Pruning, Mowing Top Late-Season Checklist for Homeowners’ Winter Yard Preparation

The race against time has begun for many homeowners, as they rush to clean up and prepare yards before winter arrives in all its cold, snowy fury.

The list isn’t long: Rake leaves. Cut grass. Prune plantings. None are complex. All are essential.

Complicating these tasks, though, is an unseasonal volume of leaves clinging stubbornly to trees. Higher moisture levels, and later-than-normal freezes, have left an unusual amount of foliage still hanging on, said Todd Ruedt, a Brookfield resident and owner of Grounds Maintenance Services.

Nonetheless, homeowners shouldn’t wait. Winter draws closer every day. Leaves already fallen should be removed from lawns and planting beds, Ruedt said. An early snow could trap leaves beneath, killing grass in lawns and inviting fungus growth in planting beds.

A final late-season lawn mowing is in order. Grass should be cut down to a 2-inch blade height, Ruedt said, up to an inch shorter than normal. Doing so prevents snow mold during winter, and excess thatch in spring. Mowing also mulches leaves, helping them decompose and enrich soil.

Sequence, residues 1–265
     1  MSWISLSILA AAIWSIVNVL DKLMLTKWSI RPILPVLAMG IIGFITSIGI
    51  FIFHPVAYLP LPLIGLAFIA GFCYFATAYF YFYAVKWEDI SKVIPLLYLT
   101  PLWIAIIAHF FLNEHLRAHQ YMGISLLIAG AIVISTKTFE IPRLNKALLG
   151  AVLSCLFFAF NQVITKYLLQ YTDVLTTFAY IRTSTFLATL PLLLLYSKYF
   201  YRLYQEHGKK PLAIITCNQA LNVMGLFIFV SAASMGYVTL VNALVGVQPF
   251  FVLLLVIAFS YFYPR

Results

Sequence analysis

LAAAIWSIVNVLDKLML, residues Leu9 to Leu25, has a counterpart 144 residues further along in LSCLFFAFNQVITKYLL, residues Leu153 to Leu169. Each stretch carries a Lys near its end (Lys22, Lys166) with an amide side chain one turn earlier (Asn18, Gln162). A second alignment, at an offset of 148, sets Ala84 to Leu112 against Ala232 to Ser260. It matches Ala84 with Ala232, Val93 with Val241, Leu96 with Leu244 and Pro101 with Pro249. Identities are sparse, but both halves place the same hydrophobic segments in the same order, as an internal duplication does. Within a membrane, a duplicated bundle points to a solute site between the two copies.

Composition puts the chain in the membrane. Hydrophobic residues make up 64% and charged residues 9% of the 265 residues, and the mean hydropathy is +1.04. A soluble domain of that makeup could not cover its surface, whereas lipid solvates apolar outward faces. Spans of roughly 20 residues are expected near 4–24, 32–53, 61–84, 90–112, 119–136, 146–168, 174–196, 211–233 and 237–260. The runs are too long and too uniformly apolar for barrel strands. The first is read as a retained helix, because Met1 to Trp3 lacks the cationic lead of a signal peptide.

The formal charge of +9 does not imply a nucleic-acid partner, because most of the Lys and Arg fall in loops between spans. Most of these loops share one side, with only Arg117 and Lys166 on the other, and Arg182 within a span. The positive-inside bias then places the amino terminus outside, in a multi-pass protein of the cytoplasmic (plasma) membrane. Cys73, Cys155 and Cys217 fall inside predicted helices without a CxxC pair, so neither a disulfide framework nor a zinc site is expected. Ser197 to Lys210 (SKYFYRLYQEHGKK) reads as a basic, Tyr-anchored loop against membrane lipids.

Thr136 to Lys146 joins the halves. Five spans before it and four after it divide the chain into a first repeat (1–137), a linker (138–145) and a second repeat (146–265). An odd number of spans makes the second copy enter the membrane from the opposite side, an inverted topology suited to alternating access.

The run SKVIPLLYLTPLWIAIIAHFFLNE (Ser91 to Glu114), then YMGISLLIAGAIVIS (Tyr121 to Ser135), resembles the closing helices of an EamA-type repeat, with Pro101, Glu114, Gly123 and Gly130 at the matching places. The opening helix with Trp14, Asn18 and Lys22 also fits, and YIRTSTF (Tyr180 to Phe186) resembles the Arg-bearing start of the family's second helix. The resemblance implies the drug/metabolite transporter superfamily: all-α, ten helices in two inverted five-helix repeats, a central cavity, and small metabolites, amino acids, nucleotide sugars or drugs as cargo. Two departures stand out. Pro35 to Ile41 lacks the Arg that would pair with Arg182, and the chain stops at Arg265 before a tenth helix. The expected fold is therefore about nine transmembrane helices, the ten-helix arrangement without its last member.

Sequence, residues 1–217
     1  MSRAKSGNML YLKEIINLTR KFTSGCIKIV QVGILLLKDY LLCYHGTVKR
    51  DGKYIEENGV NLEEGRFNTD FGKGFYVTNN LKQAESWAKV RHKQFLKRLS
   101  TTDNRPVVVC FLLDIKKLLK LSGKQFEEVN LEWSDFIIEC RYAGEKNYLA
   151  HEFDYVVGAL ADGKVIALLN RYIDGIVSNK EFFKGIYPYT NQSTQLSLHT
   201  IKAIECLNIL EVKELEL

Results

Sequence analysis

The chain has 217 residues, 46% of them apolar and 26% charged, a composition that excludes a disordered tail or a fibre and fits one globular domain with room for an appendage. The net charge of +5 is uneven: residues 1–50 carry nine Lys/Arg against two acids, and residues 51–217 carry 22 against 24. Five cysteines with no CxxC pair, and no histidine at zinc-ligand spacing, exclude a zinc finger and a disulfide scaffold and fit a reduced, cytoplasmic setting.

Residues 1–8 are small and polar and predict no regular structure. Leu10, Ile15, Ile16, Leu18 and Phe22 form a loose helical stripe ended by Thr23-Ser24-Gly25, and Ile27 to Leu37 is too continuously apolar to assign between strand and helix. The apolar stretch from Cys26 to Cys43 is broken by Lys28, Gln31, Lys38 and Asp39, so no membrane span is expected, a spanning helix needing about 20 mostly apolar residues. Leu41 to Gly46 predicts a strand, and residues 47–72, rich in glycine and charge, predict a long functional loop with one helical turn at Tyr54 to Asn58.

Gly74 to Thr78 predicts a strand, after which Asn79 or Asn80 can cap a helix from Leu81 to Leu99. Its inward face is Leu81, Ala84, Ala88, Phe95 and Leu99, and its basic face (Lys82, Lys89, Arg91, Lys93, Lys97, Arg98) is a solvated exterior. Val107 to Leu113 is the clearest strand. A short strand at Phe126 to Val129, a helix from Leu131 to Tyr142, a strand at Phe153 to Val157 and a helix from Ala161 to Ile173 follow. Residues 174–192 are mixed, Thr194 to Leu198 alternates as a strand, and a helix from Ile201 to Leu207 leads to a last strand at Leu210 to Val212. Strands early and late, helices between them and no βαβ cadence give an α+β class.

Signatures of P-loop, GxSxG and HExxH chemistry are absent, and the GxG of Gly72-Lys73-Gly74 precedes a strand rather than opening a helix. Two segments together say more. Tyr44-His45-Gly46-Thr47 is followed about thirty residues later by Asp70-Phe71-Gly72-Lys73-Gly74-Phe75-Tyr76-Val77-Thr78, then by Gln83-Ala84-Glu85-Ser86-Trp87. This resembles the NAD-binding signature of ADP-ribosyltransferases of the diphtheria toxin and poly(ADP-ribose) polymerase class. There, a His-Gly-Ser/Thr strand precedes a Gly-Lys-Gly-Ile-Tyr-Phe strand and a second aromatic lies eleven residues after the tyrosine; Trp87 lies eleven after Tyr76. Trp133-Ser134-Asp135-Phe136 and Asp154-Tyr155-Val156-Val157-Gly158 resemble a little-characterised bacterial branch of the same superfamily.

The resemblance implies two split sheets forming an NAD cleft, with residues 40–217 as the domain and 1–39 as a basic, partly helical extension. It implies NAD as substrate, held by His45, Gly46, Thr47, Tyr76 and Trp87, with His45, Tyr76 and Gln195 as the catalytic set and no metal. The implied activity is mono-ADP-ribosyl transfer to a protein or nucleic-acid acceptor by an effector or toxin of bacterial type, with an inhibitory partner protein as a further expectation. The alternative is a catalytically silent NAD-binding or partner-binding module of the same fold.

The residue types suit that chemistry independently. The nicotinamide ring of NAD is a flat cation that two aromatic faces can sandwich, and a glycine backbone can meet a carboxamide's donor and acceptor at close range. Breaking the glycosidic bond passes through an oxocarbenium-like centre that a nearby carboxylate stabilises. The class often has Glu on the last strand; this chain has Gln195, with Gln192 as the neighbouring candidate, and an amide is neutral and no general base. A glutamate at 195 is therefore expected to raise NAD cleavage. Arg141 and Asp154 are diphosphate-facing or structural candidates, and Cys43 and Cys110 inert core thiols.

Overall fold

“Contrary to common belief, grass growth is controlled by ground temperature, not air temperature,” Ruedt said. “The ground hasn’t yet frozen, but has reached the 50-degree mark that nearly halts grass activity. It’s a good time to get in that final cut, which is critical to long-term lawn health.”

The dropping mercury has lulled plants into dormancy, the optimal time for pruning. Deciduous plants – those with leaves – can be safely trimmed back.

Pruning should be done with great care. Sharp tools are essential to avoid ragged, injurious cuts. Chemical sealant sprays (“pruning paint”) are unnecessary. Nature heals pruning done properly.

Despite spring being months away, most plants have already set their buds for their annual rejuvenation. Live branches on bushes and trees should be trimmed to just above the lowest bud on the branch. Dead, discolored branches and shoots can be completely removed.

Evergreens should be left alone. Because they grow year-round, pruning this late opens them to a risk of winter burn, Ruedt said. Evergreens should not be pruned after October.

Founded in 1999, Grounds Maintenance Services offers fall clean-up services, landscaping and yard maintenance, plus in-home Christmas tree delivery, holiday lighting setup and snow plowing. Its professional staff prides itself on helping homeowners grow their dreams, one yard at a time.


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